I’m working with some colleagues at the Library of Congress on the on the description of complex analog and digital resources. In that research, we want to get a better sense of what people who read DLTJ call a “mash-up.” We invite readers to provide examples (in any medium) of what they think are mash-ups of different resources in the comment area of this post. If you nominate a web-accessible mash-up, please provide a link for it. If you nominate an analog mash-up (they do exist!), please provide a reasonable citation. If it is a hybrid – do your best! Also helpful would be a short statement as to why you think the example is a mash-up, and whether you like the results.
My place of work has installed a VPN that moderates our access to the server network using the OpenVPN protocol. This is a good thing, but in its default configuration it would send all traffic — even that not destined for the machine room network — through the VPN. Since most of what I do doesn’t involve servers in the machine room, I wanted to change the configuration of the OpenVPN client to only send the machine room traffic through the VPN and everything else through the (original) default gateway. As it turns out, this involves tweaking the routing tables.
Tom emphasized the need to have an activity that is relevant to the technology. As he put it, “Use the technology to ampliy the activity.” In this specific case, the 2-D barcodes pointed to text, pictures, and videos that provide additional background to the components depicted in the World War II Memorial. As participants mentioned in the video, it is a way add context to the experience of walking through the memorial.
Most e-mail messages I send are digitally signed using a process called “Pretty Good Privacy“, or PGP. In e-mail applications that don’t understand PGP, this digital signature will show up either as an attachment called “PGP.sig” or as a part of the message starting with “BEGIN PGP SIGNATURE” at the bottom of the e-mail. This file — containing gibberish to the human eye — is used by PGP-aware programs to verify that the message actually came from me. If you are using PGP, I could also sent you a message that only you could read (e.g. “encrypted”). This page gives some background on PGP and why I consider it important.
It is the start of a new year1, and it seems like a good time to update my public encryption key. My previous one — created in 2004 — is both a little weaker, cryptographically speaking, than the ones newly created (1024-bit versus 2048-bit) and also an uncomfortable mixing of my professional and personal lives. For my previous key, I attached all of my professional and personal user ids (e.g. e-mail addresses) to the same key. This time I decided to split my work-related user ids from my other ones. My reasoning for the split is that I might be compelled by my employer to turn over my private key to decrypt messages and files sent in the course of my work. If my personal user ids are also attached to that private key, my employer (and who ever else got ahold of that key), would be able to decrypt my personal messages and files as well. That is not necessarily a good thing. So my solution was to create two keys and cross-sign them. I’ve outlined the process below.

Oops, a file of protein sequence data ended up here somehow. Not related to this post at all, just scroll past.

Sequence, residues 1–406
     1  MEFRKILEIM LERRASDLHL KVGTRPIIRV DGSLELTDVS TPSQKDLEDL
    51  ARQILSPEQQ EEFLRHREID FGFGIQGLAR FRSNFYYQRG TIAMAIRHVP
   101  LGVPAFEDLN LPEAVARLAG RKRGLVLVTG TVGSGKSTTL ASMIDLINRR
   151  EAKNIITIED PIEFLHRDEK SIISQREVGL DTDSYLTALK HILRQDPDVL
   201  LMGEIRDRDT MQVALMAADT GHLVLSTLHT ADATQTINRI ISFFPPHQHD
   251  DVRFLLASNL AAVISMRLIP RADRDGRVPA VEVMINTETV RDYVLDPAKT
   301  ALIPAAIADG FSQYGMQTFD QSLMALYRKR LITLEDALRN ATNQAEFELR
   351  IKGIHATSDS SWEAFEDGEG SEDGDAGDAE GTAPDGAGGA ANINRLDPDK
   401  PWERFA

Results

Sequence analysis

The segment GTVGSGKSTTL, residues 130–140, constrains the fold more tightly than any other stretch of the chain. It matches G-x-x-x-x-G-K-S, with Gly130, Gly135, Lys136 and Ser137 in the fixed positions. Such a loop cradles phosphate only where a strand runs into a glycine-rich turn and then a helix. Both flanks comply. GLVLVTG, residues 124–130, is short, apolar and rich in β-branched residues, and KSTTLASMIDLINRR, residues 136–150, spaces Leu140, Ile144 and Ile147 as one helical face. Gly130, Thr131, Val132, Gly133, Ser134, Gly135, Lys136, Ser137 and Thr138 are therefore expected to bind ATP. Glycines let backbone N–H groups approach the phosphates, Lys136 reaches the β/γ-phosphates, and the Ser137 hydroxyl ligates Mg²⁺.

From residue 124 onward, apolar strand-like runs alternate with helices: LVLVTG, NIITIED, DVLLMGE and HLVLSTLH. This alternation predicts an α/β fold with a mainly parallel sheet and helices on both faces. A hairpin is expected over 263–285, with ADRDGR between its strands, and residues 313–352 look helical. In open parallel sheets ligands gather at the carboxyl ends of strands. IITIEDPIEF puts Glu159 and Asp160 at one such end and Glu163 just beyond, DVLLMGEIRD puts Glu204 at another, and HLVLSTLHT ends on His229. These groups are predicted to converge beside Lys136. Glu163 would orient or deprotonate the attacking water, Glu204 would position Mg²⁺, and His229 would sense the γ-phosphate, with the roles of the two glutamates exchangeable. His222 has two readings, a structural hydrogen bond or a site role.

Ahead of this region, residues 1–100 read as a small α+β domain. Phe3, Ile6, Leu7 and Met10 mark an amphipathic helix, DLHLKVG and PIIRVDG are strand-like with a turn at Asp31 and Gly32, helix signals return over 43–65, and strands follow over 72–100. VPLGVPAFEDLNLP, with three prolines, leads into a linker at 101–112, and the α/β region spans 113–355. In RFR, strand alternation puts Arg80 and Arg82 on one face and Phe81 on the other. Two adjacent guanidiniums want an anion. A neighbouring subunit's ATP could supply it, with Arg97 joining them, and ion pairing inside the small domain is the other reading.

These keys are part of a computer standard and software algorithm called “Pretty Good Privacy“, or PGP. If you are interested in more of a background about PGP, see a companion post on why I digitally sign my e-mail.
- Some have even said it is the start of a new decade, but of course that isn’t true. We won’t start a new decade until 2011, just like we didn’t actually start a new millennium until 2001. [↩]
OCLC announced on Monday the availability of a new
There is an final report as submitted to the Mellon Foundation. This version of the report has minor corrections in the text and now includes information about the group of libraries that have committed to the build phase of the project. Those libraries are:on the OLE Project site that links to the
- Indiana University (lead)
- Florida Consortium (University of Florida, Florida International University, Florida State University, New College of Florida, Rollins College, University of Central Florida, University of Miami, University of South Florida, and the Florida Center for Library Automation)
- Lehigh University
- Triangle Research Libraries Network (Duke University and North Carolina State University participating)
An interesting thing happened at my place of work (OhioLINK) today. We recently added links to our central catalog pointing to manifestations in Google Books. The way it was decided to set it up, though, was to only point to Google Books if the full text was available. We tweeted about it to let our community know that this option was now available. The tweet included a link to a particular record that showed (at the time) an example of this change: Mark Twain’s Life on the Mississippi.
NISO voting members are currently considering two new work items: a statement of best practices for the physical delivery of library resources and formalizing the NLM journal article DTD de facto standards. The Physical Delivery and Standardized Markup for Journal Articles proposal documents are openly available for download.